IBM Research has set a new world record in tape storage -  201Gb/sq inch of data on a prototype sputtered magnetic tape developed by Sony Storage Media Solutions. 

On a standard palm-sized tape cartridge, the method would allow for about 330TB of uncompressed data.

More storage, same space

Dr Mark Lantz, IBM Research
Dr Mark Lantz, IBM Research – IBM

“Tape has traditionally been used for video archives, back-up files, replicas for disaster recovery and retention of information on premise, but the industry is also expanding to off-premise applications in the cloud,” IBM Fellow Evangelos Eleftheriou said.

“While sputtered tape is expected to cost a little more to manufacture than current commercial tape that uses Barium ferrite (BaFe), the potential for very high capacity will make the cost per TB very attractive, making this technology practical for cold storage in the cloud.”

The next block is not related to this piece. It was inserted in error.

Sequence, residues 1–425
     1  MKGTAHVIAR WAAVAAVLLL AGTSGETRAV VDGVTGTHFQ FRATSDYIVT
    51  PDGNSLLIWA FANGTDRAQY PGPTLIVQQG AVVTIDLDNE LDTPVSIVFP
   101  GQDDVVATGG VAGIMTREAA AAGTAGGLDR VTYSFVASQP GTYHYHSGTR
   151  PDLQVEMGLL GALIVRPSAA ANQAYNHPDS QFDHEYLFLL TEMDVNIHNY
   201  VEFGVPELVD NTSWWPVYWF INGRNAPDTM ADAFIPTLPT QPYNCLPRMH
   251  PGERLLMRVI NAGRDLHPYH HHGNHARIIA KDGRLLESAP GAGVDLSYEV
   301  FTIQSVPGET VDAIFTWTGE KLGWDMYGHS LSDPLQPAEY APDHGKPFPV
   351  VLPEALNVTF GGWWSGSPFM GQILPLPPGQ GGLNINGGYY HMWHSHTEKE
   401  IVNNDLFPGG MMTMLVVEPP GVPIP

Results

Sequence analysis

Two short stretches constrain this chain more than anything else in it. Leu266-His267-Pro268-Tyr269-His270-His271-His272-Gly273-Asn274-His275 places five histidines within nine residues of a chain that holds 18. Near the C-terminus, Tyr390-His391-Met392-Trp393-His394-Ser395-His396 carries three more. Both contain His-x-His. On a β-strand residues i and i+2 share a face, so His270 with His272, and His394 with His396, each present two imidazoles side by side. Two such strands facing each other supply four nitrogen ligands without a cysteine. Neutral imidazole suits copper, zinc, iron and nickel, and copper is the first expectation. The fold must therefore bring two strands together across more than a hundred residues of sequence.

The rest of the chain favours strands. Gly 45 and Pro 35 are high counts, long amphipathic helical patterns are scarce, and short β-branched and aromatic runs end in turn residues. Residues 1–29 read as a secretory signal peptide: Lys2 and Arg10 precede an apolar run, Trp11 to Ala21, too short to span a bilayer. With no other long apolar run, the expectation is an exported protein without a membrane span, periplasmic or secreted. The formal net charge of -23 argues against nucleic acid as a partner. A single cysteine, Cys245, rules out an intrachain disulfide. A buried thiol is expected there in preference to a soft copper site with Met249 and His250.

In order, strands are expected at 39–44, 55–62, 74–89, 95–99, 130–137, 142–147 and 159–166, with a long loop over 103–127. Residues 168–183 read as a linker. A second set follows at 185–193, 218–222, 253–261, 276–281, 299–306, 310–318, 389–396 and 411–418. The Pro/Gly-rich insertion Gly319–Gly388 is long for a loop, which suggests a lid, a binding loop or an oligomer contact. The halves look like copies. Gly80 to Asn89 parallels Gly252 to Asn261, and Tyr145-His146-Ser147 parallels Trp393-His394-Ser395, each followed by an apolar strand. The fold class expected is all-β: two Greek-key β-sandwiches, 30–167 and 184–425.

The company said that it achieved the improvement through several technological advances, including:

  • New signal-processing algorithms for the data channel, based on noise-predictive detection principles
  • Servo control technologies that allow for head positioning with an accuracy of better than 7 nanometers
  • A low friction tape head technology that permits the use of ‘very smooth’ tape media.

Magnetic tape storage has had a resurgence as of late, and is finding a use in modern colocation, cloud and enterprise data centers. In the next issue of DCD Magazine, we take a look at “Why tape is still strong” - subscribers should look for it in their physical mailbox or digital inbox soon.